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  • HelenMc

Are you the Devil wearing Prada?

What are you known for? Whether you like it or not you’ve got a bit of a reputation.

Now if you’re a leader this really matters. It matters what people think when you walk into the room – because it’s either ‘Great to see you...’ or ‘Oh god, what now…’.

So unless you’re going for the style of Miranda Priestly from Devil Wears Prada, it might be time to reflect on what people think and do some conscious planning to change perceptions.

Feedback is gift

Feedback is of course a gift. But most people will shy away from offering up really bold feedback to keep the status quo – especially if you’re the big boss. It’s up to you to seek it out and ask the right questions.

I’ve advised Execs to check in with a trusted adviser for some bold feedback, as well as spotting the clues for themselves:

  • What three words would your boss say about you?

  • What about your direct reports?

  • How are you viewed by your peers?

  • Who are you mentoring? Who’s your mentor?

  • Who do you admire and listen to in your company? Who listens to you?

  • What happens when you join a meeting unexpectedly? Or visit a new team?

  • Do you know what people are saying about you when you are not in the room? What would you like them to say?

  • Think about someone who hasn’t spent time with you. What do you think they would they say?

  • How warm are people with you?

These questions can help you to understand your reputation and decide if you need to do anything.

Get out there and see people

One way to move the dial on your reputation is to get out there through informal visits and MBWA (management by walking about).

If people only see you through carefully choreographed communication activities, they might struggle to connect with you.

The challenge is also that you’re short of time. Have your own playbook ready for store or team visits so that you use your time wisely and have goals, focus and intent.

Have a clear purpose – your big aim should be to increase trust and confidence and build rapport with people. Decide what you want to learn and identify your goal – is it helping people to see how their work is valuable and connects to the strategy? Or finding out the issues for customers?

Make time - make sure you’re not just spending a few minutes – it’ll feel like you’re checking off your list and not really connecting. Make it part of your engagement plan.

Do your homework - find out as much as you can about the people you’re visiting. What’s on their minds, what matters to them, their personas and what their day to day life is like.

Play to your style - the trick is to make it natural and plan how to use your own style. If it feels forced, then it will do more harm than good.

Plan your conversations – have one or two clear messages to chat about and plenty of great questions that will make sure you don’t end up giving a speech.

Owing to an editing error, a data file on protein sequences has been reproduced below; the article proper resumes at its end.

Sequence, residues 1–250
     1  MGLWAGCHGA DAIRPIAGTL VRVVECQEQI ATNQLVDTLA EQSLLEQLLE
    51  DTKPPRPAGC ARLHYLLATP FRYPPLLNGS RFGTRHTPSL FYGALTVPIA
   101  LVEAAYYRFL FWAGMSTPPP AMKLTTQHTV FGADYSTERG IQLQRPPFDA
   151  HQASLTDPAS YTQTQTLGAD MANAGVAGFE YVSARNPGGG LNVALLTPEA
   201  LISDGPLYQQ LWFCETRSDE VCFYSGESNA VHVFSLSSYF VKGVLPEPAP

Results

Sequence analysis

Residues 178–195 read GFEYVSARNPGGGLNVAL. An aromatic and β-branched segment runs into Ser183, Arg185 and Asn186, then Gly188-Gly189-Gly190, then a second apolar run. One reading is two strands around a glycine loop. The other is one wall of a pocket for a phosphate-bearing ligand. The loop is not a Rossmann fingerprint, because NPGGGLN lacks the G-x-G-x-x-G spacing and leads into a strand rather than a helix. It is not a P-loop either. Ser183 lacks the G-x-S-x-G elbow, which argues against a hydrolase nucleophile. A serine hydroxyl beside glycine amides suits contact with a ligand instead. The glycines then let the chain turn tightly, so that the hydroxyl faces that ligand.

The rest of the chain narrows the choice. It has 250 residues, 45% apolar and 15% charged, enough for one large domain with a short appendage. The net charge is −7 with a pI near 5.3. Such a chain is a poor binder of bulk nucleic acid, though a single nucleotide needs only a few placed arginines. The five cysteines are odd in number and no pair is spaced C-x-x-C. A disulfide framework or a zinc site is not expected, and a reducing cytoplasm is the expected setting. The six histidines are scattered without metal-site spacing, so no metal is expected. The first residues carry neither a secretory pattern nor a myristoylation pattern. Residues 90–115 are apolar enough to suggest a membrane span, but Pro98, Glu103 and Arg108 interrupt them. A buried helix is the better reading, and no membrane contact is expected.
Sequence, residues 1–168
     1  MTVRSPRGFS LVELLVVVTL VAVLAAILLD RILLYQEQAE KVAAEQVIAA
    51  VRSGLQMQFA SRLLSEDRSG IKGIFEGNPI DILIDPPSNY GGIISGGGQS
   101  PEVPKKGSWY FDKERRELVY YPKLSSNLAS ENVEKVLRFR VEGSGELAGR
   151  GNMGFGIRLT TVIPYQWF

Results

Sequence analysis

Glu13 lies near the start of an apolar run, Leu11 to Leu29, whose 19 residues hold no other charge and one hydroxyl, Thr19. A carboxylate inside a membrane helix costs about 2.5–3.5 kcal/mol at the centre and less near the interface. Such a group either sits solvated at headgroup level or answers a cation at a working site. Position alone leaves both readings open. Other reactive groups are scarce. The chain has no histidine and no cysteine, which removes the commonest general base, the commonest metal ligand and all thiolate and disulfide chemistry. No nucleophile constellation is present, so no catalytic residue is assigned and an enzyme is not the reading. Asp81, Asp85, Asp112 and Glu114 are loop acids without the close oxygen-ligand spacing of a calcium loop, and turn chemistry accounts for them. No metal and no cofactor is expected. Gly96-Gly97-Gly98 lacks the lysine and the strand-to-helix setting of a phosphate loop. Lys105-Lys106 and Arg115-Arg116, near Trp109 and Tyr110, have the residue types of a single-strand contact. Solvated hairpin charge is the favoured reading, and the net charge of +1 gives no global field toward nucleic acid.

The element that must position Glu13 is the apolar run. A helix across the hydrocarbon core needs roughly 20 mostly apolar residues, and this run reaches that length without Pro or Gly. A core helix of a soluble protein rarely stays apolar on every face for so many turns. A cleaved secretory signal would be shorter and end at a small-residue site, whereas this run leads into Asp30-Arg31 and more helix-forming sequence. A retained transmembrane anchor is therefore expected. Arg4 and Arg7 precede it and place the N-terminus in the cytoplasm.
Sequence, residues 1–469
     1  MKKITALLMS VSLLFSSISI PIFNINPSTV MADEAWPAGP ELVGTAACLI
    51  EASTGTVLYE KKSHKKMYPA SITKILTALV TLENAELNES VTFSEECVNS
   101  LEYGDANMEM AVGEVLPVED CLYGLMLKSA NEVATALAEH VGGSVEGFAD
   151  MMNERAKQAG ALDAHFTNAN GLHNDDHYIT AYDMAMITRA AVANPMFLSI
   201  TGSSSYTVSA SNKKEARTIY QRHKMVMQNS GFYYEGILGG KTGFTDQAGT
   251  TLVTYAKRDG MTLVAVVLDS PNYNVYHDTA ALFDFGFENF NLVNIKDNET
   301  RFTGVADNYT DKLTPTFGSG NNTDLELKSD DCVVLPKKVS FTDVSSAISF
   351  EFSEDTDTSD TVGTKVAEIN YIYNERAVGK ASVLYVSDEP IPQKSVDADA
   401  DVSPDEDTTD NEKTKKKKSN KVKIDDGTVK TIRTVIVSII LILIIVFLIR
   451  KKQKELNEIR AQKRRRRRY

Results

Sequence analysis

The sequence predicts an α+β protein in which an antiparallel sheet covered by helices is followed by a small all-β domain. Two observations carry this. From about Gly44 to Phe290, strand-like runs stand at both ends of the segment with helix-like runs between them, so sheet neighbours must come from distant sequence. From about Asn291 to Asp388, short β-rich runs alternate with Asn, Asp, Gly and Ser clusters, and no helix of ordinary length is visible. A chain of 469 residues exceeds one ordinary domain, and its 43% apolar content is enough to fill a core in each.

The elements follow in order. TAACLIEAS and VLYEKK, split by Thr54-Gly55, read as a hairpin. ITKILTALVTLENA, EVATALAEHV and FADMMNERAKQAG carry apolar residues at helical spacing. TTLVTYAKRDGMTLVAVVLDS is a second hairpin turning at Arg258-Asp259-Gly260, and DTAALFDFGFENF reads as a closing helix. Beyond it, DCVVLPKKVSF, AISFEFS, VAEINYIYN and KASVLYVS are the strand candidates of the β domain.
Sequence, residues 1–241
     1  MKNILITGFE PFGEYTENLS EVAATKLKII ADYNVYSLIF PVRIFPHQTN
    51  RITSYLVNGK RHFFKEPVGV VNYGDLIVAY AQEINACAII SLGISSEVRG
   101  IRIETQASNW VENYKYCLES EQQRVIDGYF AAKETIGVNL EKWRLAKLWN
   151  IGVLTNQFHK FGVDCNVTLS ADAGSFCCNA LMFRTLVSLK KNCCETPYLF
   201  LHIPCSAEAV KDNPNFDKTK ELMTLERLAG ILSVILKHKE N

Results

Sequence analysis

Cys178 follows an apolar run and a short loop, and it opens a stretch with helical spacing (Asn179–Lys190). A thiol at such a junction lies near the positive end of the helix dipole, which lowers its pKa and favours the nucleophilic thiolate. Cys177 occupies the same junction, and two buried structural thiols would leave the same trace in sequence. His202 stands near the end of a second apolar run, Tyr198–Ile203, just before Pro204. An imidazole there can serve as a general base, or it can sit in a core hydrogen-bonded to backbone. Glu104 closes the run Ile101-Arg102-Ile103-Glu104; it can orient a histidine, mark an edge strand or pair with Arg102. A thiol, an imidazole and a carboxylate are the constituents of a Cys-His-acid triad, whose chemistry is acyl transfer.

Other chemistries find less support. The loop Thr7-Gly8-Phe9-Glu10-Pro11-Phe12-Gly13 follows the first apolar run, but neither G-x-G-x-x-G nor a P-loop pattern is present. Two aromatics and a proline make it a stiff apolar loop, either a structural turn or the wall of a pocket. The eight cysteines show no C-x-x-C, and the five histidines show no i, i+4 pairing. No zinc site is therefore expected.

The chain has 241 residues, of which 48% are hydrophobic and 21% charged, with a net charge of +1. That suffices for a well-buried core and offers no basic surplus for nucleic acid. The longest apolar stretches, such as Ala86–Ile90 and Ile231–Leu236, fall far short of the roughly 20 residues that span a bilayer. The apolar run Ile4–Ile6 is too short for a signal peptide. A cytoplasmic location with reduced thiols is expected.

If you’re ‘the big boss’ it can be intimidating for people to meet you. They might be trying to second guess what you really want or what they think you want to hear. Start with why you’re talking to them. That might sound strange, but it avoids them guessing what you’re really after. ‘I’ve popped in to say hello and find out how everyone’s doing’.

Share something - be prepared to share something about yourself to build rapport and trust. Chat about what you’ve been working on – people will be interested.

Celebrate what’s going well -notice something the team has done and congratulate them.

Be curious - ask people to show you something. Listen to a customer call.

Ask questions people will enjoy answering. Practice active listening. Talk about what’s on their minds.

 What’s happening today / this week?

 What’s going well? Any wins (big or small) this week?

 What’s the best thing that happened this week?

 What challenges are you facing?

 How are we doing? Are we doing the best things for customers?

 What can I do to help? What do you need?

Questions are a great way to find out what you can do to improve things for customers and employees. A great tactic is to give permission to make suggestions by asking them for advice.

 What are we doing wrong?

 What questions should I be asking myself about what it’s like for customers?

 What questions should I be asking the Exec team about what it’s like to work here?

 What’s on people’s minds right now?

 What one thing could we fix?

Connect people - chat about another part of the business, give them insight into what’s happening elsewhere. Think about someone in another team they could talk to – suggest they have a chat.

Building your reputation does take time – but the rewards are clear. If people like and trust the Executives they work for they’ll be more connected to the business, connected to success and determined to be part of it.

If you need help with your Exec Voice get in touch about our programme and toolkit.


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